The warehousing of one in 100 Americans has all but eradicated rehabilitative programs, and the conditions of confinement in jails, prisons, and detention facilities have dramatically worsened. In 2011, conditions became so “horrendous” in California—home to some of the country’s harshest “Three Strikes, You’re Out” enhanced sentencing laws—that the United States Supreme Court in Brown v. Plata required the state to release up to 46,000 prisoners after finding that its severely overcrowded prisons and grossly inadequate medical and mental health care is “incompatible with the concept of human dignity and has no place in civilized society.”
About 75,000 people in the United States are held in solitary confinement, spending 23 or more hours a day in small cells, allowed out only for showers, brief exercise, or medical visits, without telephone calls or visits from family members. The use of long-term isolation escalated after “tough on crime” policies led states to build super-maximum-security prisons in the 1980s and 1990s. Studies show that people held in long-term solitary confinement suffer from anxiety, paranoia, perceptual disturbances, and deep depression. Nationwide, suicides among people held in isolation, who make up 3 to 8 percent of the nation's prison population, account for about 50 percent of prison suicides. Some states and the federal government recently enacted reforms to restrict solitary confinement for juveniles and people with mental illness and to reduce the maximum time that can be spent in solitary.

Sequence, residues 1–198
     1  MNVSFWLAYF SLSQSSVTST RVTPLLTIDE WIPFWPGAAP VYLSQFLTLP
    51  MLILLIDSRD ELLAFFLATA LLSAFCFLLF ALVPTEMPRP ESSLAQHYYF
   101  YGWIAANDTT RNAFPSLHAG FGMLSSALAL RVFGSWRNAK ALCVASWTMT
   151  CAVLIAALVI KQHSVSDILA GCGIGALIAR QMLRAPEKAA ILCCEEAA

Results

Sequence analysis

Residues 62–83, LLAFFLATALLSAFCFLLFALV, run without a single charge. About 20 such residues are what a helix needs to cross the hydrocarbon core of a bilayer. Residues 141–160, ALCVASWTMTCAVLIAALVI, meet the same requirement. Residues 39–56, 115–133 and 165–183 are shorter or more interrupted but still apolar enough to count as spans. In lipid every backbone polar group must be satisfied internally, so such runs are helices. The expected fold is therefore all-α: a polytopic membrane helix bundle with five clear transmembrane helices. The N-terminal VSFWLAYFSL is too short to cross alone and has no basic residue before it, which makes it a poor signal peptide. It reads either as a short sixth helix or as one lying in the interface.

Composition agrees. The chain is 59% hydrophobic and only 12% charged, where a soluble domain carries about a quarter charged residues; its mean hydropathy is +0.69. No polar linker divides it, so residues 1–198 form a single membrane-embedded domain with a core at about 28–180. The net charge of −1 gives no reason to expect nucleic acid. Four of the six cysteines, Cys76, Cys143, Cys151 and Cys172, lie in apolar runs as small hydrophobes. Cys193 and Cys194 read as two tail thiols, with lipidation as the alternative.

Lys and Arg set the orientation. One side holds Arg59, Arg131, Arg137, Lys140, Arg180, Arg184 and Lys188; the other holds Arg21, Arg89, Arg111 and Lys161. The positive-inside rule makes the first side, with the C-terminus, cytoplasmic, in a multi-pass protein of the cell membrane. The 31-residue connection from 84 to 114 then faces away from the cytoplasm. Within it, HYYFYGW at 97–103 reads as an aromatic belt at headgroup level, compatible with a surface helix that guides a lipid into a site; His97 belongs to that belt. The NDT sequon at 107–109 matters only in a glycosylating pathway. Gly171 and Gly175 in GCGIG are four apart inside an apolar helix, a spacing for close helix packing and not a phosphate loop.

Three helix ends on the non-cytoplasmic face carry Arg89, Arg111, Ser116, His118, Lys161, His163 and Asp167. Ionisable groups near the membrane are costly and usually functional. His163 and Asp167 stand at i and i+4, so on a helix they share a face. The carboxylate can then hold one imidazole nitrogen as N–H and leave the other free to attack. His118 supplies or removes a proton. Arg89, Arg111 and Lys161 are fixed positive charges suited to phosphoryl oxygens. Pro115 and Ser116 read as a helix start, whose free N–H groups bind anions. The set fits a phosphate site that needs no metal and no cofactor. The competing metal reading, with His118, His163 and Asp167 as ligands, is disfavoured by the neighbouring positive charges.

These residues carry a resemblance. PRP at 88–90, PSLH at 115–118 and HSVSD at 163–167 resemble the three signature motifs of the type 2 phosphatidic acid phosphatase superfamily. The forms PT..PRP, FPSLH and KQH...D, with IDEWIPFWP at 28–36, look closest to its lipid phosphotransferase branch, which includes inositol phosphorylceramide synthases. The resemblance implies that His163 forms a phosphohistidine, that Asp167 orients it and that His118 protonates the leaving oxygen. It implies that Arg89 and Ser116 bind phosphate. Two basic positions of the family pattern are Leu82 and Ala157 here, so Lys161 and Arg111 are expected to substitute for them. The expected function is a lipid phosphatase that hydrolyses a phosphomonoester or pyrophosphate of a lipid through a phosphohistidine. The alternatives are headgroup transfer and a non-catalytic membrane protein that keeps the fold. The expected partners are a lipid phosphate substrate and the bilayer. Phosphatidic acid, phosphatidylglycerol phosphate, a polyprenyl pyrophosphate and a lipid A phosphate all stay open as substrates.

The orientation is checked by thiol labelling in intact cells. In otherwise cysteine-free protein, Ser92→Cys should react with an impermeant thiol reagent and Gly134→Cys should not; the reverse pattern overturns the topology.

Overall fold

EJI investigates abusive and dangerous prison conditions in Alabama—where prisons hold more than double (190 percent) their design capacity and have the highest inmate-to-officer ratio in the country. A dramatic increase in violence, inmate murders, and corruption has been documented and exposed by EJI staff, and our reports about widespread rape and sexual abuse of incarcerated women at Tutwiler Prison for Women, the physical and sexual abuse of male prisoners by officers and staff at three other Alabama prisons, and the murder of a young inmate by correctional officers have led to federal investigations, prosecutions, and mandated reforms. Alabama is an outlier in its refusal to meaningfully address its prison crisis, and EJI continues to challenge the Alabama Department of Corrections to reform unconstitutional prison conditions.
Men and women share their experiences at Rikers Island in their own voice.
“All citizens, even those who are incarcerated, should expect sanitary conditions of habitation that are free of physical harm and sexual abuse,” said U.S. Attorney Kenyen R. Brown of the Southern District of Alabama.